This bill could be improved in three ways. First, the definition of underrepresented groups does not include people with restricted liberty. This population has been generally excluded from trials in the recent past. Second, the trials covered by this bill should be broader than just drugs and medical devices, which account for only 10 percent of all trials. Finally, the bill should be strengthened to require these things, unless the research can justify why they are excluding the population because it is either too onerous or unnecessary.
As compared to the substitute bill, the second substitute bill:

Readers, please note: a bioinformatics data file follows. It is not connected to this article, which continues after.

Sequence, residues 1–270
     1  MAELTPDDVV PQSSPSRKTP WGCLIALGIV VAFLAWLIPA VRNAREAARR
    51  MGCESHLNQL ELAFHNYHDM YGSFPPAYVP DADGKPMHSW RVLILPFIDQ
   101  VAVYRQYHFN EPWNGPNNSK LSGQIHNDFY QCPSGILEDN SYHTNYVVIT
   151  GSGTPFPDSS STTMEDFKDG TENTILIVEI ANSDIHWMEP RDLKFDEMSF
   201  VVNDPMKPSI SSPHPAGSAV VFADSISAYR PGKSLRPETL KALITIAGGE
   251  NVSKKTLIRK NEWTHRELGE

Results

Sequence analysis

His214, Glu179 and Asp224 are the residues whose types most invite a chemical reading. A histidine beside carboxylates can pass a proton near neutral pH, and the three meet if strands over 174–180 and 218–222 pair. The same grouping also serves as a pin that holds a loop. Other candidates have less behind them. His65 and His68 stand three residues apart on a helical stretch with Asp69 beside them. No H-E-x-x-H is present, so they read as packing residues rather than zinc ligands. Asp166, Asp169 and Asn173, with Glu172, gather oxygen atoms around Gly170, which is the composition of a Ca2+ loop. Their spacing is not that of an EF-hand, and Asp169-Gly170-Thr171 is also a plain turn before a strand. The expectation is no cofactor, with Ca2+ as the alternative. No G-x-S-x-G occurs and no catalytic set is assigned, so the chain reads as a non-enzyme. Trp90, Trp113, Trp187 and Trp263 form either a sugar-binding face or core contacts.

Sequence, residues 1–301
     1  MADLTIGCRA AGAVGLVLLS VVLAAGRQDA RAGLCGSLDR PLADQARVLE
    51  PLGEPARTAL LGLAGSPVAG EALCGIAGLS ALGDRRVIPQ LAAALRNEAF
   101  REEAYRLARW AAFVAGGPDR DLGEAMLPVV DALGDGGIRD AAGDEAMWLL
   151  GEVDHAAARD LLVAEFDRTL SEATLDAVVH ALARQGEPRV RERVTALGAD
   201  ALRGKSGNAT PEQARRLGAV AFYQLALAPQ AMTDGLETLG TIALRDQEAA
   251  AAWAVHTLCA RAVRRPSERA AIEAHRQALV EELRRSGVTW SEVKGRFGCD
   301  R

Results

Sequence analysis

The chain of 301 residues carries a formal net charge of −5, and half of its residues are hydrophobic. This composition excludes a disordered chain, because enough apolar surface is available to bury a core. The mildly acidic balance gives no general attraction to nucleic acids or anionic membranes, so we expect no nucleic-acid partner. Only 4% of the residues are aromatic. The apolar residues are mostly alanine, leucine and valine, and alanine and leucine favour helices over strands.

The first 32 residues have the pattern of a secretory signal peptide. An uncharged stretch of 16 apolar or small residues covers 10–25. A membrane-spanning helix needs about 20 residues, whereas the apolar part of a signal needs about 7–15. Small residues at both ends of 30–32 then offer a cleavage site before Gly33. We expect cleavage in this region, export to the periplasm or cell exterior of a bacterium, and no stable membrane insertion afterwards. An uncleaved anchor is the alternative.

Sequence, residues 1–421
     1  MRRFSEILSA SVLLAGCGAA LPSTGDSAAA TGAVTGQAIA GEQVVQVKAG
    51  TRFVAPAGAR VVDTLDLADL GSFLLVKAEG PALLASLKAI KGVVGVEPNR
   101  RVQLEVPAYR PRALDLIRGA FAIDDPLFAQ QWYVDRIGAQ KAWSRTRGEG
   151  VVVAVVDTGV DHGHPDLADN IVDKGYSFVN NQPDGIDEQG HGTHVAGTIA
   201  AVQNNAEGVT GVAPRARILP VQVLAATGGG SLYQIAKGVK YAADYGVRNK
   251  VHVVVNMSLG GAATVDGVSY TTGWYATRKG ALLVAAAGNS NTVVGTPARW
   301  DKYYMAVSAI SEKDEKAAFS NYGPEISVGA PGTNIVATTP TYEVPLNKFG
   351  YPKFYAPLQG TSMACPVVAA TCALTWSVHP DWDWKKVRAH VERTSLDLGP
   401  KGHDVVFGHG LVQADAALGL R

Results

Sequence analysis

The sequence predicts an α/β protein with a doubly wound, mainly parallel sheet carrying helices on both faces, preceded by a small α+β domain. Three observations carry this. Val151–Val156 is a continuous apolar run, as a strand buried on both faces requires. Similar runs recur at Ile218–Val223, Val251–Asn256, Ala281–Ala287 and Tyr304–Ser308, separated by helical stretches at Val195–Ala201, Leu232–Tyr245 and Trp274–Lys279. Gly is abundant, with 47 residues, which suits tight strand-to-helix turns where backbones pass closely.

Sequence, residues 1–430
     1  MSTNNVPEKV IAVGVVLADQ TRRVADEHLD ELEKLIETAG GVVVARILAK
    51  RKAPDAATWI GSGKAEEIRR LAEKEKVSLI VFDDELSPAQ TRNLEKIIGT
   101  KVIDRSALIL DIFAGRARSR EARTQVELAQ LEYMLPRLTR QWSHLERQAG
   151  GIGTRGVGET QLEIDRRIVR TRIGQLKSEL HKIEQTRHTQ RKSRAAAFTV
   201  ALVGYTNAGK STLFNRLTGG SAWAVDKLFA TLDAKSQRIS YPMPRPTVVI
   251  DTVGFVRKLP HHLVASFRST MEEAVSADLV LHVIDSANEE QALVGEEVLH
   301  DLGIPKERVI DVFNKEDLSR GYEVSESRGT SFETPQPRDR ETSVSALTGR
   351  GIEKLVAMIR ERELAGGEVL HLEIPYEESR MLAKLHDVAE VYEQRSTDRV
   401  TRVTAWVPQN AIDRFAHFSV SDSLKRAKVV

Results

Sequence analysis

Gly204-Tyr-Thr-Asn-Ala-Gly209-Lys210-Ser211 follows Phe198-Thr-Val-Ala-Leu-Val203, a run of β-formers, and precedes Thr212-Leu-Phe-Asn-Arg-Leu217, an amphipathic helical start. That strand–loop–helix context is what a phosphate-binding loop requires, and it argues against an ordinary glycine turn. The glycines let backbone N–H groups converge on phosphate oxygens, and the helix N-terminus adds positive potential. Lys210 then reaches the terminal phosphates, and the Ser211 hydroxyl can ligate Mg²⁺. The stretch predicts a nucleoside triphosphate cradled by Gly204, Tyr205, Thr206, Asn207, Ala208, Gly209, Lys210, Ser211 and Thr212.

(In support) This bill is a top priority for patient groups. Diversity in clinical trials is key in the development of treatments and medicines to acknowledge how treatments impact people differently. The quality of research can improve when understanding how trials impact different populations.
The research institutions are working on getting more people to participate in clinical trials. Federal regulations currently require institutions to provide outreach for participation in trials that target certain participants for specific research; the bill requires outreach for all clinical trials. The outreach and translation services cost money. An amendment is being worked on to address concerns and achieve a common goal to increase diversity in clinical trials.